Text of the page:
I'm going to be sharing some notes here from my research into literary utopias and dystopias for coursework I'm working on at UW-M for my PhD. Why? Because it's the 21st century, baby, and otherwise all of this will just rattle off of the inside of my head or the walls of the library as I mumble words like "exegesis" and "hegemony" between the occasional forlorn, wordless wail. So gather 'round. Trust me, there's nothing out there in the rest of the internet except cat posters and Facebook invitations to parties in cities you don't live in.
Week 3: Genre Saturation and Mizora
As I finished my reading of Mary E. Bradley Lane’s Mizora: a Prophecy this week I started to feel my first real sense of fatigue with the utopian genre. If you read enough of anything in a particular style or approach, this will inevitably happen; the conventions of utopian fiction start to feel formulaic and predictable, even though this is more a function of exhausting your own critical eye, not necessarily an inherent feature of the text. With this sense of fatigue, I yawned and fired up the audiobook The Narrative of Arthur Gordon Pym on my iPhone during my commute and noticed that I was almost immediately looking for the expected twists and turns. To Poe’s credit, I’m halfway through the book and he’s sticking doggedly to his own designs on the structure, pulling us through enough frame story that it isn’t really “frame” any more, it’s the actual story.
But Poe’s deviation from the usual pattern (minor frame => uncanny event => utopian immersion => utopian explanation => expulsion from utopia, closure of frame) notwithstanding, I started to wonder if the readers of this type of fiction during this era also became saturated (or just bored) with the genre. I forget the actual numbers, but there was an absolute explosion of utopian fiction in the last two decades of the 19th century, which saw the publication of hundreds of stories that were either frankly utopian or had utopian features. Wouldn’t this have been dreadfully stale among reading audiences by 1900? It reminds me of trends in speculative fiction like the flood of militaristic “space marine” stories in the post-Vietnam War period from about 1975-1990, or the nauseatingly-pervasive vampire fiction explosion from 2000-2010. By the end of these trends, the initial catalyst stories for the trends were rarely improved upon, and usually the opposite was true: they became caricatures of themselves.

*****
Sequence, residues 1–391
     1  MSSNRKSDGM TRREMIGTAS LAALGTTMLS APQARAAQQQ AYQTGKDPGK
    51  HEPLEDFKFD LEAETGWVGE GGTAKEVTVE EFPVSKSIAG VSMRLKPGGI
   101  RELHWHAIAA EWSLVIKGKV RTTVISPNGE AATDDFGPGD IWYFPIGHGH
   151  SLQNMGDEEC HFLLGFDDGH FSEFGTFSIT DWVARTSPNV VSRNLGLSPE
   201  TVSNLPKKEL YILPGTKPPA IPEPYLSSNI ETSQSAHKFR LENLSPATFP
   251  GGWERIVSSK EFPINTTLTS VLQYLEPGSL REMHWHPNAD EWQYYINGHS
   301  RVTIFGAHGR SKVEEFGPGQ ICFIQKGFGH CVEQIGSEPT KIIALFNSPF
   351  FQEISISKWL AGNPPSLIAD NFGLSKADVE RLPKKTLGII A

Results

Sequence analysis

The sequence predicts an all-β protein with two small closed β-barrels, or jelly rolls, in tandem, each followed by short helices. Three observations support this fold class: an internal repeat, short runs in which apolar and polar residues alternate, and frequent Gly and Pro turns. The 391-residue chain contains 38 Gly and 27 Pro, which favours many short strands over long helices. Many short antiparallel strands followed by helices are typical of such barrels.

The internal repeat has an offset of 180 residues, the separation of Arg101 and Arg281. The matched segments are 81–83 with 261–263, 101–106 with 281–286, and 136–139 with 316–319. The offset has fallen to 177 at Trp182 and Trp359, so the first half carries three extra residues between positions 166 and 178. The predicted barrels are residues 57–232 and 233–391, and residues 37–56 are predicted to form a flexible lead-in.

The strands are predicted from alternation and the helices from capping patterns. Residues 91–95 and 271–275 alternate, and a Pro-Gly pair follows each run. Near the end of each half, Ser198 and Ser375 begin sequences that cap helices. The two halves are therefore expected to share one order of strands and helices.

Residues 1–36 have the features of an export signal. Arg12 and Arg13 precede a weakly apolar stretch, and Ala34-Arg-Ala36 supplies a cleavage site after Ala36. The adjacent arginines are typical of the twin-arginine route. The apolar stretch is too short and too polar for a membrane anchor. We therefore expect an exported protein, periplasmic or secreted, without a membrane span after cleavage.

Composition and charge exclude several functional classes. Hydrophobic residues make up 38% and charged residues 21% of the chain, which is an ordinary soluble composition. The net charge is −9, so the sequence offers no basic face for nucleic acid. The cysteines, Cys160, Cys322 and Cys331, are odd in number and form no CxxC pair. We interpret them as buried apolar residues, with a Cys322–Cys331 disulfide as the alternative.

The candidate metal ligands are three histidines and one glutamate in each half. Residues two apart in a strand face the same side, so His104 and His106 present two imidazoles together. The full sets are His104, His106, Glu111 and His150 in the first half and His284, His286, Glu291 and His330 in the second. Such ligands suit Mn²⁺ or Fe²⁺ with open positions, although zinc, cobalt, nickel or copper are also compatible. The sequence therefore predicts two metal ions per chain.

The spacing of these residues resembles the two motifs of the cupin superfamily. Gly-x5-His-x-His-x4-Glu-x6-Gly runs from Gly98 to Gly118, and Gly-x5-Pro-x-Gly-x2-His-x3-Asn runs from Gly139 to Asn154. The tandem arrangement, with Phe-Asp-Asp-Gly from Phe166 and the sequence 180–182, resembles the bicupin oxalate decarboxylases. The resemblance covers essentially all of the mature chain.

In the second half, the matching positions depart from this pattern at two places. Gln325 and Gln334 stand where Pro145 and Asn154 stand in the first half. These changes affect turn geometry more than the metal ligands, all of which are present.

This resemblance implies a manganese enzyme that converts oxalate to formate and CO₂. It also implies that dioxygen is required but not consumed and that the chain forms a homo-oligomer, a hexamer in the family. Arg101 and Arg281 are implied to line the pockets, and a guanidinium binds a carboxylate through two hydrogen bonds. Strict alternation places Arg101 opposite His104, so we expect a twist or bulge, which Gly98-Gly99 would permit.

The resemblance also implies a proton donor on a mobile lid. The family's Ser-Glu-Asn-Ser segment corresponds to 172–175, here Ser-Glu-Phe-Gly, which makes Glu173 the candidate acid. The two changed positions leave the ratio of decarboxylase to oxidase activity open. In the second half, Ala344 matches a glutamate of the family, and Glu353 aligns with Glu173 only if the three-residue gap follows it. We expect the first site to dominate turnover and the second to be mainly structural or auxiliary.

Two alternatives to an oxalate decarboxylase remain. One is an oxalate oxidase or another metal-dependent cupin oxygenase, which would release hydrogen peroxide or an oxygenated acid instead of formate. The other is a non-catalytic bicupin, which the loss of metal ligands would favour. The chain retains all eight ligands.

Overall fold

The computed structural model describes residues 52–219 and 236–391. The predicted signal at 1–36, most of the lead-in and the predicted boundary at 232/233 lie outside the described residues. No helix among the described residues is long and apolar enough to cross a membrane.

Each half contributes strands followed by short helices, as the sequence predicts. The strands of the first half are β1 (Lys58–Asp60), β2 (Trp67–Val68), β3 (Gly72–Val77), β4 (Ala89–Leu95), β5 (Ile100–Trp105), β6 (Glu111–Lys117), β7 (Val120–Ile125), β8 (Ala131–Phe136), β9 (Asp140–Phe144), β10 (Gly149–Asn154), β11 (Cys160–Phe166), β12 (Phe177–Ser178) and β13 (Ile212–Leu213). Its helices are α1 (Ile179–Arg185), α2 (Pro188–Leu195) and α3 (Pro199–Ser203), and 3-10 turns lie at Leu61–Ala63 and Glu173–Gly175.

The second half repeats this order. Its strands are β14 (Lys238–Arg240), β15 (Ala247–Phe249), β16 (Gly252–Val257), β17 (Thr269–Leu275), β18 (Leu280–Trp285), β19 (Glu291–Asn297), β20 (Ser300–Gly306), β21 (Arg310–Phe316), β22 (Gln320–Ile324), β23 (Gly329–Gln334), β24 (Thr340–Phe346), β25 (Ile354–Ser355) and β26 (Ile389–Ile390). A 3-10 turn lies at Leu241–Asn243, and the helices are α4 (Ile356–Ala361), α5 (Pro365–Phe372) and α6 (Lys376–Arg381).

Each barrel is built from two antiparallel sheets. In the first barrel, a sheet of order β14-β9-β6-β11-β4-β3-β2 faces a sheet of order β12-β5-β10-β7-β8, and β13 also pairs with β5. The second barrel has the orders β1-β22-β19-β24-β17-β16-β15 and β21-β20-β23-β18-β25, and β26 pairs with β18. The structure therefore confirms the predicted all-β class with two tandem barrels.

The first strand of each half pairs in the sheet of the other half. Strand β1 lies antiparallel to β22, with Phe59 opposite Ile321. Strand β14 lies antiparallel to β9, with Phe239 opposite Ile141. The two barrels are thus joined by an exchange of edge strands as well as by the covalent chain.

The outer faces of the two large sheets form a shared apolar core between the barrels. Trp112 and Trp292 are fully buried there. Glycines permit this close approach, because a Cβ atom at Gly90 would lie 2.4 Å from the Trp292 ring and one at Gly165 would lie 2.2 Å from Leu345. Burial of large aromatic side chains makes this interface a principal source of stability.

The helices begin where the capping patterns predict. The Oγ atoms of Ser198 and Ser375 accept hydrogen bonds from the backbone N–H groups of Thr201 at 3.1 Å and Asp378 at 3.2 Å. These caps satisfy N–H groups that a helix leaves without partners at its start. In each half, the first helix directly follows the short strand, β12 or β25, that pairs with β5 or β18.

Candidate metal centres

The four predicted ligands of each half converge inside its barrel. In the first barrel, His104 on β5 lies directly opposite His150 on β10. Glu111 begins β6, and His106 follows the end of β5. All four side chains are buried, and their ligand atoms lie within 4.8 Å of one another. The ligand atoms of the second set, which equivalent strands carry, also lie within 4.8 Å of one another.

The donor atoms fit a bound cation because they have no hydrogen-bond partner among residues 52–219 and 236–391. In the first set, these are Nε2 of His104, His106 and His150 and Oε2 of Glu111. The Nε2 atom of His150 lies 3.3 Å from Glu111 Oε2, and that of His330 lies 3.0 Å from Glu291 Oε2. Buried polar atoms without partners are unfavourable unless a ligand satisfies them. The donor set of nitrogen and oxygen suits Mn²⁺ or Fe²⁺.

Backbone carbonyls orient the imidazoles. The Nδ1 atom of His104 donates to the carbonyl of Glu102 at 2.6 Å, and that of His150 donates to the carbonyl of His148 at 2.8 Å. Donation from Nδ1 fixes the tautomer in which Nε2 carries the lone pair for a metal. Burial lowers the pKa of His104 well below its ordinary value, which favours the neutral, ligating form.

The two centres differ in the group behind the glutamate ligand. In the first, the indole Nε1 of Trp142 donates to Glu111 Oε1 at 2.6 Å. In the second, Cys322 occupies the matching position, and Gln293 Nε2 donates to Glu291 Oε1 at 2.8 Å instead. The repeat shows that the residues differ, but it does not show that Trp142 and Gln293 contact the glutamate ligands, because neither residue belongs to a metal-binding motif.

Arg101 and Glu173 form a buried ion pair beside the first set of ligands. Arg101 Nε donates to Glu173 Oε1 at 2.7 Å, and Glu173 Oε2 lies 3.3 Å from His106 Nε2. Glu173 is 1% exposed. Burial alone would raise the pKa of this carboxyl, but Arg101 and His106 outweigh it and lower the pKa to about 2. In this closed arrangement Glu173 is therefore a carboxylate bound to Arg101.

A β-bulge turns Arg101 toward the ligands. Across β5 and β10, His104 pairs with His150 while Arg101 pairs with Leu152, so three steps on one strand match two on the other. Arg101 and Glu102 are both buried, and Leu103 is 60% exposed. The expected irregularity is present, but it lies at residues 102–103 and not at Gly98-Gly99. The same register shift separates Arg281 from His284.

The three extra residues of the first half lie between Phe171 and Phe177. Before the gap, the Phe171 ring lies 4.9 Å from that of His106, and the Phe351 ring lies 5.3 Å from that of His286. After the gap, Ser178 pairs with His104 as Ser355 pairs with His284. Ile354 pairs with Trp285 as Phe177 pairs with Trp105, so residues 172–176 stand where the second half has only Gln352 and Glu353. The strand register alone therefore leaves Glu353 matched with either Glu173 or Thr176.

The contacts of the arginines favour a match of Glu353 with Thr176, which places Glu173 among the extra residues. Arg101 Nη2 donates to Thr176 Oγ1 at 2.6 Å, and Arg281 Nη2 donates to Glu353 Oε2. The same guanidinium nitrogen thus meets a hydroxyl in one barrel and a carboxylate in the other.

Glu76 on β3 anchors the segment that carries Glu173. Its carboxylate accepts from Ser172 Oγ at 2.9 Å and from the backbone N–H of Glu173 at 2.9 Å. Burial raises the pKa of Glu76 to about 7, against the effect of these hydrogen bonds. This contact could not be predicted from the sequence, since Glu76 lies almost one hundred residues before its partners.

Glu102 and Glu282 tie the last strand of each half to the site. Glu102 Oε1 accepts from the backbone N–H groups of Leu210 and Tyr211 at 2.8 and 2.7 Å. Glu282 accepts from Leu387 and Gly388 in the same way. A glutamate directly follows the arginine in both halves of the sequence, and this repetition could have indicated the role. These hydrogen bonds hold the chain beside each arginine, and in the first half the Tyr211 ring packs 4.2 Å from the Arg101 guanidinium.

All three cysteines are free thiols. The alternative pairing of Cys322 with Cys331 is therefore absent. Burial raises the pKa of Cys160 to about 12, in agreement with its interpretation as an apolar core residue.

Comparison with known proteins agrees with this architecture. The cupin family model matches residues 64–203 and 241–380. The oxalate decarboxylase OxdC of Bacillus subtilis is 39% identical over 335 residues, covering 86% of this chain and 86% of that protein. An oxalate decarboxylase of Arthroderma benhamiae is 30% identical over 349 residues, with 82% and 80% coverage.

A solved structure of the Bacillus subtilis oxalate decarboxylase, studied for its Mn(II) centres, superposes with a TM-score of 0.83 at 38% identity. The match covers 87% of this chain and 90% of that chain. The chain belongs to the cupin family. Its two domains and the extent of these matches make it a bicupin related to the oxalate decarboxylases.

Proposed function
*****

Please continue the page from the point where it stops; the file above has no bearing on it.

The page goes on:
Did this happen, I wonder, with this utopian fiction trend of the late 19th century? Did everyone roll their eyes and think to themselves Oh great, another one trying to rehash Bellamy’s Looking Backward… *yawn*. Get me another cordial of whiskey while I sleep through this… Or, more likely, as we saw in the 80’s, did everyone who at first took the space marine genre seriously with texts like Heinlein’s Starship Troopers and Haldeman’s The Forever War recognize the derivative nature of the texts that followed and relegate them to the status of “junk literature”, or “enjoyment reading, not serious stuff?”
This brings me back to one of the chief difficulties I’ve had with this entire topic this term. The 19th century utopia is a fascinating period of the genre to study, but I feel like I’m missing a huge chunk of its significance because I have little conception of how these stories acted as artifacts. How were they published? Who published them? What were the general public opinions of both the writers and publishers of these sorts of stories? How would they be marketed? How would someone hear about a new utopian story or novel? Were newspapers, reviewers, etc, involved? If so, aren’t these secondary pieces of primary data equally important to situate the novel historically? Sometimes I get the feeling I’m spending time studying a piece of vaunted literature, and other times, as with Mizora I get the feeling I’m looking with a very academic, scholarly, critical eye at the 19th century version of Buffy the Vampire Slayer. I’m not certain, though, and that bothers me.